THUNDER BAY – For the next month, Thunder Bay city council is faced with a lame-duck status.
As a result, it won’t be able to commit any new money to projects, under legislation passed under the Ontario’s Municipal Act.
The lame-duck designation kicks in when it becomes once it’s clear that fewer than three quarters of council will serve on the next term, which was confirmed last Monday when seven new faces were voted into office in last Monday’s municipal election.
Council comprises of 12 councillors and the mayor.
Deputy city clerk Krista Power on Monday confirmed she sent a notice out to current councillors informing them of the change in status.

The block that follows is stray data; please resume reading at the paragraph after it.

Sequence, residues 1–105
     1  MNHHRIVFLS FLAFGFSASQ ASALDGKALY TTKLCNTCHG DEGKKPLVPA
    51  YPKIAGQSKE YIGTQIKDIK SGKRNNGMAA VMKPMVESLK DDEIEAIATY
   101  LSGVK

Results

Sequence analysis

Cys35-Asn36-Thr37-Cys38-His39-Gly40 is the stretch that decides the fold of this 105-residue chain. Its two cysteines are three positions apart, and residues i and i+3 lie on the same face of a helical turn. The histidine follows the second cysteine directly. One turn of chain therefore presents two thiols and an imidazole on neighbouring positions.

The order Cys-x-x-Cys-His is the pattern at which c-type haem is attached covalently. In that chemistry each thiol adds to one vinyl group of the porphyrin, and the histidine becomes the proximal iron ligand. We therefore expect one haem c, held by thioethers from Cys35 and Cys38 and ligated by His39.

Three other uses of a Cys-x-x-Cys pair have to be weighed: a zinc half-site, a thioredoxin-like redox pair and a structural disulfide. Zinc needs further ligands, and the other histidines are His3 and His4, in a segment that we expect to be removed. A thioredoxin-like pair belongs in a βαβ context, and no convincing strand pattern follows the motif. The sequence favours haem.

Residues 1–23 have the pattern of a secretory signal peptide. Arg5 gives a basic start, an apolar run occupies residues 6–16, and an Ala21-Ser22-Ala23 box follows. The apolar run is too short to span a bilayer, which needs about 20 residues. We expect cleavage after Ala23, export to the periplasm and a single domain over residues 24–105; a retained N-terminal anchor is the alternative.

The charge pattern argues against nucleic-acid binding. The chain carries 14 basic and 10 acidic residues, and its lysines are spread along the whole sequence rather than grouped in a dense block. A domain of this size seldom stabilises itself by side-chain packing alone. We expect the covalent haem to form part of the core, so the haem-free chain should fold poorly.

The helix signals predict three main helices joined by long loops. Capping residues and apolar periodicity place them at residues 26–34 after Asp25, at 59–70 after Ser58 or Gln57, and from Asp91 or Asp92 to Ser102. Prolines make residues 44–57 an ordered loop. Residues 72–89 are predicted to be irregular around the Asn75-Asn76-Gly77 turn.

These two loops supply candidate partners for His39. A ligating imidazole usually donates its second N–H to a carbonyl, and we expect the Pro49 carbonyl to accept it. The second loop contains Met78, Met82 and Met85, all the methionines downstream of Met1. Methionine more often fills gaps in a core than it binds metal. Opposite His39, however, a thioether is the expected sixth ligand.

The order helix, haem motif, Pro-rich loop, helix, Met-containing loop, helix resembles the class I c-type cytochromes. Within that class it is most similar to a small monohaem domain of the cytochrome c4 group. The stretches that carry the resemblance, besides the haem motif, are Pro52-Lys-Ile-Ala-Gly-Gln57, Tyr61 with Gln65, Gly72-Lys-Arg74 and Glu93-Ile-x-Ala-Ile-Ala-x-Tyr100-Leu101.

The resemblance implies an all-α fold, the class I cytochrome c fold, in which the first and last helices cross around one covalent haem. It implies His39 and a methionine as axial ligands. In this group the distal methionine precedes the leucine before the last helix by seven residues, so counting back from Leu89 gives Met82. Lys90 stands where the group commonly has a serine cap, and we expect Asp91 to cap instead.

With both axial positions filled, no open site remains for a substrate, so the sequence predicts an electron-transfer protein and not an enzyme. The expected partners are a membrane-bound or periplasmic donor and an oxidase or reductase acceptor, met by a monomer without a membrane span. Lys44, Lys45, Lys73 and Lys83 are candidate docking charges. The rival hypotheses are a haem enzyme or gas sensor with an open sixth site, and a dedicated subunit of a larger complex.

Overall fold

“We have seven new members of council that have been chosen by the public and who will be taking their oath on Dec. 1,” Power said.
“Between now and Nov. 30, there are some things that council can’t approve.”
According to Power, there are only three components to the restricted council regulations.
First and foremost is the hiring and firing of municipal staff.
It’s a moot point in Thunder Bay, she said.
“That’s actually already been delegated to administration by council many moons ago, so that certainly doesn’t (have an) effect,” Power said.
“The other two are the purchasing of property or the disposition of land and then also any expenditures over and above the budget which have already been approved.”
It means delegations between now and Dec. 1 may not solicit funding and must wait until the Dec. 3 meeting for any chance of approval.
Power said it’s partly to allow the new council, whose new faces include mayor-elect Bill Mauro and incoming councillors Albert Aiello, Kristen Oliver, Brian Hamilton, Mark Bentz, Cody Fraser and Peng You, to make their own decisions.
It’s also to avoid having them overturned as soon as the new council is sworn in.